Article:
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Blog Post - Weathering High Interest Rates: The Long-term Perspective for UK Residential Property Investors

Updated: May 28

 

Dear Friends, New Landlords and Investors

 

The recent surge in UK interest rates has left many residential property investors feeling uneasy about the future of their investments. While these fluctuations may appear challenging, adopting a long-term perspective on property investment can provide valuable insights and opportunities. In this blog, we will discuss why staying fully invested in your property portfolio and considering selling only as a last resort is a wise strategy during periods of high interest rates.


This doesn’t service as financial advice but the aim is to broaden your perspective on the benefits and beauty of holding a long term perspective when it comes to property.

 

The Power of a Long-term View:

 

Capital appreciation potential: Property investments have historically demonstrated the ability to deliver significant capital appreciation over the long term. Despite temporary market fluctuations, such as increased interest rates, property values tend to rise over time, providing investors with a potential return on their investments. By maintaining a long-term perspective, investors can capitalize on this growth and build wealth for the future. Often we here the phrase property doubles every 7-10 years on average and I have always held that as a truism.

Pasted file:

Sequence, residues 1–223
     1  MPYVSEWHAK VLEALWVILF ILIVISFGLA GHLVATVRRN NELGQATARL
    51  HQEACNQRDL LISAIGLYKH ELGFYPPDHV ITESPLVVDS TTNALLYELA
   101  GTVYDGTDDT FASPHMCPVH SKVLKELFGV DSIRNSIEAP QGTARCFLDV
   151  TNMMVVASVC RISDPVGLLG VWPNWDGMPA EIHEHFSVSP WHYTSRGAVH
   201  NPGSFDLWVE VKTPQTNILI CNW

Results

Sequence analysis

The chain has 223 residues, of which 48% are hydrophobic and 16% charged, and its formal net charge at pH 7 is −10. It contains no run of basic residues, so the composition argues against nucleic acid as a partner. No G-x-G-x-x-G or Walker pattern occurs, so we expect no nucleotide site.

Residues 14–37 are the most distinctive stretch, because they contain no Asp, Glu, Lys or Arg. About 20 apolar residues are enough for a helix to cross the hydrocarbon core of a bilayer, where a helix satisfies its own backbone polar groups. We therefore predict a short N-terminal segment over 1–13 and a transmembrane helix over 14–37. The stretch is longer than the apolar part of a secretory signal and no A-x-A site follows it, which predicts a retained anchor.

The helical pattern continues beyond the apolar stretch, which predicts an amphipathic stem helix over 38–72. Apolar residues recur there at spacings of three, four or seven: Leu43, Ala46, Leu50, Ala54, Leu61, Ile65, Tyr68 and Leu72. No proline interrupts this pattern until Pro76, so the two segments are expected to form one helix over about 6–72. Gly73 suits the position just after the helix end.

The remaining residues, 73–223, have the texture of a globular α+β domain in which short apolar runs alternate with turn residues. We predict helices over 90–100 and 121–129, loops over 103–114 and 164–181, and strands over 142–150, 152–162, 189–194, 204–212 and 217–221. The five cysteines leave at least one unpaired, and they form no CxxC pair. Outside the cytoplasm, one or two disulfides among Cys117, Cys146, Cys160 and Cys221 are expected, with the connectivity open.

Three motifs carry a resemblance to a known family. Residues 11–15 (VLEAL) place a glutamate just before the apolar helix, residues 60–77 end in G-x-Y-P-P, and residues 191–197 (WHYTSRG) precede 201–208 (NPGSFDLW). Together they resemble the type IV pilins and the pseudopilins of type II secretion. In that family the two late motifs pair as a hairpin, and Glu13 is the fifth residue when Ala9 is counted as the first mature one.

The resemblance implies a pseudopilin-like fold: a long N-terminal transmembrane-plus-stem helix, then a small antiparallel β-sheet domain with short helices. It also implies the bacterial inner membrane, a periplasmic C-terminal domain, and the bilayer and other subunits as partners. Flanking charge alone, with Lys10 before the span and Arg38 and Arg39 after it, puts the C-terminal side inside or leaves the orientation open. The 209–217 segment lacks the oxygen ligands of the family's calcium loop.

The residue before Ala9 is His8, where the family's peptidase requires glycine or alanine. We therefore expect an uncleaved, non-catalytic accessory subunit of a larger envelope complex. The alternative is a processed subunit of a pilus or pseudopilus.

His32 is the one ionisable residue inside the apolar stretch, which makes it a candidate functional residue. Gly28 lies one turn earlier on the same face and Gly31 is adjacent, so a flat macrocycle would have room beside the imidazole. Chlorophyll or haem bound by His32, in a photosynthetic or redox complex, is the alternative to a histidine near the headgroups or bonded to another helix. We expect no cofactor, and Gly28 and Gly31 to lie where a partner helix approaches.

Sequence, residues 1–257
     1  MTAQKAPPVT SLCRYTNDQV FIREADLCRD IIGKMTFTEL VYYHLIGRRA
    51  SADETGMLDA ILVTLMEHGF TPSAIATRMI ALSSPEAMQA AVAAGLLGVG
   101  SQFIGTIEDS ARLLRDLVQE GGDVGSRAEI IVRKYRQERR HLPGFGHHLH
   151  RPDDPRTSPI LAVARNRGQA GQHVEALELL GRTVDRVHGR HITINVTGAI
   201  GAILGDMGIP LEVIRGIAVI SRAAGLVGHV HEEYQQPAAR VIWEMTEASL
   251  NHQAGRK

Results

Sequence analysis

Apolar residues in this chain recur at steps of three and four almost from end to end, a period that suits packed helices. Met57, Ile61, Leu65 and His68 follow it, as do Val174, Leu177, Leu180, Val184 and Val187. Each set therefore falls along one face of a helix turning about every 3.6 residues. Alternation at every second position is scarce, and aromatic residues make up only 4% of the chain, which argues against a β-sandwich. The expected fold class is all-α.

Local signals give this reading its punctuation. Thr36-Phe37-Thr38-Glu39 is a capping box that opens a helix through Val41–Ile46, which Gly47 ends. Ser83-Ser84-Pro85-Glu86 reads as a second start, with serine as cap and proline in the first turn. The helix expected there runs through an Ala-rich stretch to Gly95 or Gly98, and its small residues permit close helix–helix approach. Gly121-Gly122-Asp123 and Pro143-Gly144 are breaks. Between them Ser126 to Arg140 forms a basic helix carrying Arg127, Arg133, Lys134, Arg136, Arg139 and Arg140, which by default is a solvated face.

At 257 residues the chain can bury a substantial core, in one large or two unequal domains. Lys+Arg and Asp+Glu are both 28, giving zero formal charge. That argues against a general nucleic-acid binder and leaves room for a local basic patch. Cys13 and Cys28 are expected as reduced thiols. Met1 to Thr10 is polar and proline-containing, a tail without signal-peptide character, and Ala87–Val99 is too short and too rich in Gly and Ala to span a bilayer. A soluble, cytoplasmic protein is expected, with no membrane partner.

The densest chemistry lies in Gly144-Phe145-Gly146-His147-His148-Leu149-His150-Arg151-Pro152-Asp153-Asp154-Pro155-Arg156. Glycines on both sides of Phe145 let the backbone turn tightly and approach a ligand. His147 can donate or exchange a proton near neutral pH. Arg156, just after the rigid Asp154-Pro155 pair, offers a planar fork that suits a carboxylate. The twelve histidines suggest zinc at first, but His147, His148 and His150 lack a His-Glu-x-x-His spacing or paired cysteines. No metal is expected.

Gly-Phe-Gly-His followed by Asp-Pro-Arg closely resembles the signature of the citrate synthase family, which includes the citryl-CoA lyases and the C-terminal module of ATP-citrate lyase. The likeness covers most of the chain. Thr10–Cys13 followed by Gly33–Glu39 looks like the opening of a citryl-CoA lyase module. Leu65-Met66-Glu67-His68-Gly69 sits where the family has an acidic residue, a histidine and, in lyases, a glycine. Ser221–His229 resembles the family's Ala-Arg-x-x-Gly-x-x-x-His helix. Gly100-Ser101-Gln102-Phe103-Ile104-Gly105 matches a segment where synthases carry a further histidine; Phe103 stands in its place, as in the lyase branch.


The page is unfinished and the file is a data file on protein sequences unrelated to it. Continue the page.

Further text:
Steady rental income: While interest rates may affect property values, the demand for rental properties often remains strong. Higher interest rates can make purchasing a property less attractive for potential homebuyers, leading to an increased demand for rental properties. As a result, property investors can benefit from a steady stream of rental income, which can help offset the impact of higher interest rates on their overall returns.

 

Diversification and risk management: By remaining fully invested in a well-diversified property portfolio, investors can mitigate the risks associated with market fluctuations. Diversifying across different property types and locations can help to reduce the impact of localized market changes, providing a more stable long-term investment strategy.

 

Market cycles and opportunities: Property markets move in cycles, and experienced investors understand that periods of high interest rates can present unique opportunities. By staying fully invested, investors can capitalize on these opportunities, such as acquiring undervalued properties or benefitting from increased rental demand.

 

 

Why Selling Should Be a Last Resort:

 

Transaction costs: Selling a property involves various costs, such as agent fees, legal expenses, and potential taxes. These costs can significantly reduce the net proceeds from a sale, making it a less attractive option during periods of high interest rates. In the most recent budget personal   capital gains taxes were slashed and corporation taxes were hiked by over 30%